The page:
Local veterinarian and Cherokee County Coroner Dr. Jeremy Deaton, has been named a Collaborating Instructor at Auburn University’s College of Veterinary Medicine.
A Cherokee County native and 2013 alumni of the College of Veterinary Medicine, Dr. Deaton has returned to the school to teach an elective class entitled Engaging Under-Served Communities in Veterinary Service. This course is designed to introduce the future veterinarian to the challenges and rewards associated with provision of veterinary health care to under-served communities.
It will consist of didactic lectures intended to stimulate dialogue with key partners and with service experiences that will help the student progressively build the confidence, skills and knowledge necessary to provide veterinary services to underserved communities.
This vision started several years ago when Dr. Deaton began working with Dr. Dougie Macintire and Dr. Dawn Boothe as an undergraduate student on mission trips around the world.
Their vision to help underserved communities led to the development of this course. Students begin the semester designing a “mobile veterinary clinic” model which culminates at the end of the semester with the students implementing their models in different locations around the state. This semester, clinics were held in Centre, Crossville, and Guntersville Alabama.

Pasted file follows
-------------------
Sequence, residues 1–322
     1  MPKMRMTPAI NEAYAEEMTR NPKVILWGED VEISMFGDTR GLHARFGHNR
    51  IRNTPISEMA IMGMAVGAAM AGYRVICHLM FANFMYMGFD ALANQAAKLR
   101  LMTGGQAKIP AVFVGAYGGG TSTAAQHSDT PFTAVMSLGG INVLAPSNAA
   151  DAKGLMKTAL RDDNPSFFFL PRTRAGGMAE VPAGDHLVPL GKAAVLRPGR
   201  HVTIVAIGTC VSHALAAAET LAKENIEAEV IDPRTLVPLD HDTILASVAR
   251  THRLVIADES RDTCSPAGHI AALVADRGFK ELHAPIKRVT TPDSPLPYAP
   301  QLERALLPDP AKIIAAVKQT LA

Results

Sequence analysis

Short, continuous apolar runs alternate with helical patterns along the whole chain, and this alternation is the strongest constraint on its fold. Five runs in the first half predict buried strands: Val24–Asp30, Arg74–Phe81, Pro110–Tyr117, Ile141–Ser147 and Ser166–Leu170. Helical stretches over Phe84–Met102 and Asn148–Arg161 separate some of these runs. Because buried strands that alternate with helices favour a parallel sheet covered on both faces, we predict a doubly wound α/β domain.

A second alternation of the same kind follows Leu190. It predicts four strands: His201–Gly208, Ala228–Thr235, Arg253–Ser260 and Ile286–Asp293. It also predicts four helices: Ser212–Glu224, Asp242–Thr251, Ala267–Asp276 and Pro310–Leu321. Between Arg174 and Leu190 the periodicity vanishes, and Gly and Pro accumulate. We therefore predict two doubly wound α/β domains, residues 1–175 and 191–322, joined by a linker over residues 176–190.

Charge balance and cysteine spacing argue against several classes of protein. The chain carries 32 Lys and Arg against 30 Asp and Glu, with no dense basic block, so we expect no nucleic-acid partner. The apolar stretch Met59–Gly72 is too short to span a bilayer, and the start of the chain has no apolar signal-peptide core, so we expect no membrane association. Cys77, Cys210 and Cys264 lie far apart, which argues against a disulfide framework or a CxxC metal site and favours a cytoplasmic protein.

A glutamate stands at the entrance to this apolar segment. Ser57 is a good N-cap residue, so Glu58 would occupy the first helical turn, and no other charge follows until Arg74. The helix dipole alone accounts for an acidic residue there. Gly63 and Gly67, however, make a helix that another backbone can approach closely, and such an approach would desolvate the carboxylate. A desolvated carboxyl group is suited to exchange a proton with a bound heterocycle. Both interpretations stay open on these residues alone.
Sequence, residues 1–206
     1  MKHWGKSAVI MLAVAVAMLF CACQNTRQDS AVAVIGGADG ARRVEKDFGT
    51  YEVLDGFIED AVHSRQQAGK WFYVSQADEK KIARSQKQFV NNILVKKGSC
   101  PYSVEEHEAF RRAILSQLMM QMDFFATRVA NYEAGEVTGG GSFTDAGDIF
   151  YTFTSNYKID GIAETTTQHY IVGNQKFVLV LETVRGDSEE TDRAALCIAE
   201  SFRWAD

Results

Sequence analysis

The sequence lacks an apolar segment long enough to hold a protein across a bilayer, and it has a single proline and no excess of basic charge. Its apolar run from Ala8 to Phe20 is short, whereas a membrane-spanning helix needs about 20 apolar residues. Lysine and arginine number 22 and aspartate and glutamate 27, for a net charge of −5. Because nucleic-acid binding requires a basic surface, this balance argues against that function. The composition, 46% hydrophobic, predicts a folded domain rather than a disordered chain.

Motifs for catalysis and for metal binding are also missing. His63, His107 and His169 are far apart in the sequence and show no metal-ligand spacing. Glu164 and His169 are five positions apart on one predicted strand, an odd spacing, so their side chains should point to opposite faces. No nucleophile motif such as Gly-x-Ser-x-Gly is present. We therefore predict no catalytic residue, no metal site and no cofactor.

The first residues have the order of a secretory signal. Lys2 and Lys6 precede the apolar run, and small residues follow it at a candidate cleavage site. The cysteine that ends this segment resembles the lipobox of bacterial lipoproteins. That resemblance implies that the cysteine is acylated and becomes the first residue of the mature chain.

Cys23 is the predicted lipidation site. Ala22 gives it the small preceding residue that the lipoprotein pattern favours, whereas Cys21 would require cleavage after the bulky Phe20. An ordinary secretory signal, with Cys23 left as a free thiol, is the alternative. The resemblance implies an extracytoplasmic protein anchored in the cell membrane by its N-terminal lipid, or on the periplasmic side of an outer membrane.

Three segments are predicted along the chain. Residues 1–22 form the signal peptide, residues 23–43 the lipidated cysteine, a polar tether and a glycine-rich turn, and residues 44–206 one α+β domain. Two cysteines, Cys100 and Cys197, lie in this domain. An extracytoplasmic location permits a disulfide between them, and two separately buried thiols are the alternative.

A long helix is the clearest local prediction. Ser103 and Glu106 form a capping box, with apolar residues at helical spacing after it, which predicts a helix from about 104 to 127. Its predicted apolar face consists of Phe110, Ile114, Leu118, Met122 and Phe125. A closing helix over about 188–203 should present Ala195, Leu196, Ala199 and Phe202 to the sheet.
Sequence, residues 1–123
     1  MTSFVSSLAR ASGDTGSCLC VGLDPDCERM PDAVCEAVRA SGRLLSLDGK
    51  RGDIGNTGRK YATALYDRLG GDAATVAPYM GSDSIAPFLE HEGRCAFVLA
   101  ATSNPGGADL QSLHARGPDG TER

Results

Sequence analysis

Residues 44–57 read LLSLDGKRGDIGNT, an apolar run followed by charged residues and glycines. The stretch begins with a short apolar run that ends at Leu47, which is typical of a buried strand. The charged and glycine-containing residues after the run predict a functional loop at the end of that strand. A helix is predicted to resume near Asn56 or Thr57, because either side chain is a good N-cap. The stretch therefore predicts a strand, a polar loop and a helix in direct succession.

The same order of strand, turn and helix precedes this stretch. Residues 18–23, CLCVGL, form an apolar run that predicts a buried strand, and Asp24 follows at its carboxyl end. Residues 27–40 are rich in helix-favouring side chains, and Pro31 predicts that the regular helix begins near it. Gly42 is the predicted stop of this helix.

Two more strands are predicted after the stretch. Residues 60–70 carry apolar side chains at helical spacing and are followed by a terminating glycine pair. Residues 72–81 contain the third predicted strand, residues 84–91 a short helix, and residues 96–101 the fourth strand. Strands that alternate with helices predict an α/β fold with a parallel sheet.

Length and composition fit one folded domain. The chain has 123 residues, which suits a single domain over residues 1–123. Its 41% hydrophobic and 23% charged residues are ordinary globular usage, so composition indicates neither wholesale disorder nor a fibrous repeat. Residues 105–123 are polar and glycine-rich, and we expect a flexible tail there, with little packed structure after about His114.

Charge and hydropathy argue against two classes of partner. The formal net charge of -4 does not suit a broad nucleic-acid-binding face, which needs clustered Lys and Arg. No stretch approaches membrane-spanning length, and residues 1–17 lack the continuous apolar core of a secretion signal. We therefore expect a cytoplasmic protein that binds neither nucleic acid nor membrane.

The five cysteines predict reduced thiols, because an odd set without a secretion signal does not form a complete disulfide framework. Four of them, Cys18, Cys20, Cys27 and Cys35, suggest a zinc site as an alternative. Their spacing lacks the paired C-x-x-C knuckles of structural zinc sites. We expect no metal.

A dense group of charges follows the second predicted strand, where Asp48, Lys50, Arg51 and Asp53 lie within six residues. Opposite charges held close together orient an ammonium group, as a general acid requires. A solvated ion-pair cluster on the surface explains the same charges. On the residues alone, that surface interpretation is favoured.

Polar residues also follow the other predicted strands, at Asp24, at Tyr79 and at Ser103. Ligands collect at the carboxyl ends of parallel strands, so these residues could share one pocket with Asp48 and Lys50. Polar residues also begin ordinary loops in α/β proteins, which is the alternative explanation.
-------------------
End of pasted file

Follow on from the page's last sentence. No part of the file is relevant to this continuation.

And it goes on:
Services provided included free or discounted Rabies and parvo vaccines, heartworm testing, deworming, toe nail trims, physical examinations just to name a few of the services provided.
Over 250 animals were treated over the three clinics. Dr. Boothe states that “Dr. Deaton provides the students with a practical approach to the provision of quality wellness care these well loved pets deserved.
” Dr. Deaton states that while he understands he has plenty of jobs around Cherokee County, this position is one he is very excited about. “Just four years ago I was sitting in their seats at Auburn. Having the chance to go back and teach is truly one of the highlights in my career thus far.” Deaton goes on to say “this gives me the chance to give back to my alma mater and help influence the next generations of veterinarians, which may actually be a scary thought!”